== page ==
Parametric Studio, an Iowa-based ed-tech company, specializing in engineering-centric, project-based STEM software, designed the project for use in classrooms, after-school programs, and at-home learning. 

NEWTON-AR combines augmented reality, engineering, simulation, and programming into a sandbox game where students create, modify, simulate, prototype, and test contraptions to solve puzzle challenges.

The SBIR Phase II Award furthers the development of supporting curricular materials for teachers, student workbooks, and online media resources.


Department of Energy

Past SBIR Phase II Awarded to Giner, Inc.

Amount: $249,999

Illustration of hand holding trees next to a moon

Greenhouse gases have devastated the environment, and reducing these emissions is vital to the planet’s long-term health. The Department of Energy’s SBIR Phase II Award looks to be part of the solution, recognizing Giner, Inc. for its development of a system to “capture” carbon dioxide (CO2) before it chokes the air we breathe. 

A large portion of the CO2 emitted by the U.S. is released from sources such as cars, smaller factories, and farms—which are known as distributed sources. Giner, Inc, based in Newton, MA, conceived of a system to “direct capture” CO2 from ambient air, contain it and transform it into a purified, concentrated CO2 stream that can be redirected for use as raw material to fuel a wide variety of industrial processes. 

The SBIR Phase II of this project will scale up the application, with no environmental limitations and virtually no waste generated, for an energy-efficient and low-cost strategy to remove carbon dioxide from ambient air.


Department of Health & Human Services

Past SBIR Phase II Awarded to DiamiR, LLC

Amount: $1,250,063

Illustration of Alzheimer Doctor in her office

According to the Centers for Disease Control and Prevention, an estimated 5.8 million Americans aged 65 years or older had Alzheimer’s disease in 2020. This number is projected to nearly triple to 14 million people by 2060. Since Alzheimer’s typically begins with a prolonged asymptomatic stage, DiamiR, LLC sought to develop a minimally invasive diagnostic tool for primary screening individuals with early stages of the disease. 

The Department of Health & Human Services SBIR Phase II Award helps DiamiR continue advancing such medical technology. The project involves a platform that detects and monitors different stages of Alzheimer’s based on targeted selection and analysis of brain-enriched and inflammation-associated microRNAs (miRNAs) circulating in blood plasma.

The SBIR Phase II Award will see the test broadly launched to gerontologists/neurologists and other medical professionals engaged in AD treatment and care.


Department of Homeland Security

Past SBIR Phase II Awarded to Karagozian & Case, Inc.

Amount: $999,644.84

Illustration of security official standing in front of a secure computer screen

The Department of Homeland Security’s SBIR Phase II Award landed on Karagozian & Case, Inc., a science and engineering consulting firm that developed a capability to identify and mitigate threats toward Soft Targets and Crowded Places (ST-CPs) with a software application.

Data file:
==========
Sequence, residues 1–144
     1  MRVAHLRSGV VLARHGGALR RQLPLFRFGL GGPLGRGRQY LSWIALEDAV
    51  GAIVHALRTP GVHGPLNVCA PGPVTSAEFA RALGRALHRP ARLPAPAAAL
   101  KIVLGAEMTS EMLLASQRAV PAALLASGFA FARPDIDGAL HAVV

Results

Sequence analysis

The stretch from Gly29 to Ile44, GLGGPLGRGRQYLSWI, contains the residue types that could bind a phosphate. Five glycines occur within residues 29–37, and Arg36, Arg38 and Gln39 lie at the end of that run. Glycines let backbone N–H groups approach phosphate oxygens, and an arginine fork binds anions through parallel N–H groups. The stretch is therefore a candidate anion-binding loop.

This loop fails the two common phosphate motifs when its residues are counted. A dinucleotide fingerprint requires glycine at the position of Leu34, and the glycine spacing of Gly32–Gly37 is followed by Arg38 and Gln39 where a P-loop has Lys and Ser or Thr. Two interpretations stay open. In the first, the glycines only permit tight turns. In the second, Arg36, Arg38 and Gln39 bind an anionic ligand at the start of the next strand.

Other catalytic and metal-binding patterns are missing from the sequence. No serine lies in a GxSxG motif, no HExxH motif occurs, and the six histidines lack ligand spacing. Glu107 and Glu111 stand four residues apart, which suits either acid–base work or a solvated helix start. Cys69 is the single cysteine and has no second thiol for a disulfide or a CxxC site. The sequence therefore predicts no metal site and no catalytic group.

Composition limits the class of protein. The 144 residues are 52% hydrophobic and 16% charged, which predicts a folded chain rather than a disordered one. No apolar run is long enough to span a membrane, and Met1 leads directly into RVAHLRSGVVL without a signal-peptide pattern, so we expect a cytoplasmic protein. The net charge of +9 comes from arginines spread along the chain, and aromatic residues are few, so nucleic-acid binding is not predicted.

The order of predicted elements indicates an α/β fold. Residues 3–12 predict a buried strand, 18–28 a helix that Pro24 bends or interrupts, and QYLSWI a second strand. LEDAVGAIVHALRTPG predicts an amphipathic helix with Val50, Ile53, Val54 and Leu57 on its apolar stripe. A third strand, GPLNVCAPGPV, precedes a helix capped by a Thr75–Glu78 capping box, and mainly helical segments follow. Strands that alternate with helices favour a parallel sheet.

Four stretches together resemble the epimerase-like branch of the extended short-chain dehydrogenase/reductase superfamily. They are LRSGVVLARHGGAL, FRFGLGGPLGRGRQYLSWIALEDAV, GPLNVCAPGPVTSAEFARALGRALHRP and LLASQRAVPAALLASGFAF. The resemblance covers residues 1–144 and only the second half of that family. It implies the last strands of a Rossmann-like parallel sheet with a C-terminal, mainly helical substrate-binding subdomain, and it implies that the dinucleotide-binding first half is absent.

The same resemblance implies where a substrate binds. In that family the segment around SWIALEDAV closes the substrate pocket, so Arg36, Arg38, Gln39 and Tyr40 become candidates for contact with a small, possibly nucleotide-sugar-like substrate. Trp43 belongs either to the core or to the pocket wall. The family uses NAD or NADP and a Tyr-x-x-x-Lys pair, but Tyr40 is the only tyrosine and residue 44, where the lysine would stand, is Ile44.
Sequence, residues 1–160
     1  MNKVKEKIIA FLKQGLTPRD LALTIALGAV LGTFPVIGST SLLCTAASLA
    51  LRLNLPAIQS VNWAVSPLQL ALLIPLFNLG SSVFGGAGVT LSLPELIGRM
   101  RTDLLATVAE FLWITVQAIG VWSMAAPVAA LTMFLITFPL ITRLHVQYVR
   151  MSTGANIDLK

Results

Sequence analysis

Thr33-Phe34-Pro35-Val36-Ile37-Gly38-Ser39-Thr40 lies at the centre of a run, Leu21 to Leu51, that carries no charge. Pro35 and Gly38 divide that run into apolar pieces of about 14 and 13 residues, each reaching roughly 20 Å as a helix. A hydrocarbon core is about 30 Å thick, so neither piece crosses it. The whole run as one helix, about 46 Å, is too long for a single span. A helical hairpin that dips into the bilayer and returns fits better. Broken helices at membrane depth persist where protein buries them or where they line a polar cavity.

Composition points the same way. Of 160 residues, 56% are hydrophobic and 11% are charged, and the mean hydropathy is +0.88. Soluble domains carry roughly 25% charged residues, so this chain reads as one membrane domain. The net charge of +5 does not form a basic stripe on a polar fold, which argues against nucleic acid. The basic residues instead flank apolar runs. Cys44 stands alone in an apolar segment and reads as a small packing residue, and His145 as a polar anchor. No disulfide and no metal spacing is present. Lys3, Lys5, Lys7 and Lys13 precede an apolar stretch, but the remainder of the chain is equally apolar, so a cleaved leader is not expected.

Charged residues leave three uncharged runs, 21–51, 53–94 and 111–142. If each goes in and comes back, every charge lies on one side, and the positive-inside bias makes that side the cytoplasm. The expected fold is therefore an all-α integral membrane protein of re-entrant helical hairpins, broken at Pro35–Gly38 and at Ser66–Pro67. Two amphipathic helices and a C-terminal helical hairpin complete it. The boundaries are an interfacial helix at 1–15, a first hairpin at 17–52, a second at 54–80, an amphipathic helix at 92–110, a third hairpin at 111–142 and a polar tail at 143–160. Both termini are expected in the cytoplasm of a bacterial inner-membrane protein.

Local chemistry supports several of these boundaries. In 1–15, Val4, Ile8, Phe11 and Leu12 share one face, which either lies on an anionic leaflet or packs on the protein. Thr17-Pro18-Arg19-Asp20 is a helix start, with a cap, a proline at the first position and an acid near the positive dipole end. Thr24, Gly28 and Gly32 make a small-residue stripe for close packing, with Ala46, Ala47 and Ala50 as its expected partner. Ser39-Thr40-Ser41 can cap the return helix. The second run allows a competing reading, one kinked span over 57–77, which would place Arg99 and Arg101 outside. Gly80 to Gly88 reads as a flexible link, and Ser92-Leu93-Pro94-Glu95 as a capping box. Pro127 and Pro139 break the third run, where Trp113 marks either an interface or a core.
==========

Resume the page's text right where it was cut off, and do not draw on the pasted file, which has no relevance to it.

ST-CPs, such as sports arenas, shopping venues, schools, and transportation systems, are locations that are easily accessible to large numbers of people and that have limited security or protective measures in place. 

This vulnerability to attack makes ST-CPs a crucial area of concern to address. Karagozian & Case, Inc., located in Glendale, CA, incorporates advanced technologies such as augmented reality, machine learning, and artificial intelligence into an application to enable security professionals to view their environment through a mobile device to identify potential threats, assess vulnerabilities, and evaluate possible mitigation strategies.

The SBIR Phase II award enables a 1-year beta release of the Security Mitigation Assessment of Risks and Threats (SMART) software before a subscription model is licensed.


Department of Transportation

Past SBIR Phase II Awarded to SEA, Ltd.

Amount: $498,554.25

Illustration of an electric car plugged into charging stations

While it seems like we’ve heard about self-driving cars forever, we might be on the precipice of it becoming a common sight in traffic. The main roadblock is the lack of traditional driving controls in autonomous vehicles, which presents a significant challenge for regulatory tests typically conducted manually or by driving robots. 

SEA, Ltd., based in Columbus, OH, sought to change everything by designing and producing a market-ready prototype for a test data interface (TDI). Consisting of a port installed on a vehicle that interfaces internally with the car’s driving systems, it allows manual control via standardized electronic command signal inputs.

The SBIR Phase II Award helps SEA, Ltd. move forward and develop the required safety and security measures, along with the communication protocol details. 


Environmental Protection Agency

Past SBIR Phase II Awarded to KWJ Engineering Inc.

Amount: $300,000

Illustration of Firefighter

With wildfires becoming more and more prevalent, we must look at the subsequent environmental impact of these devastating blazes. KWJ Engineering Inc. is doing just that with its Ultra-Low Power Sensor Package project. 

Wildfires produce significant air pollution, posing health risks to first responders, residents in nearby areas, and downwind communities. As such, KWJ developed technologies to measure air pollutants, including particulates, carbon monoxide, nitrogen dioxide, and carbon dioxide, over the wide range of levels expected in areas downwind of wildfires.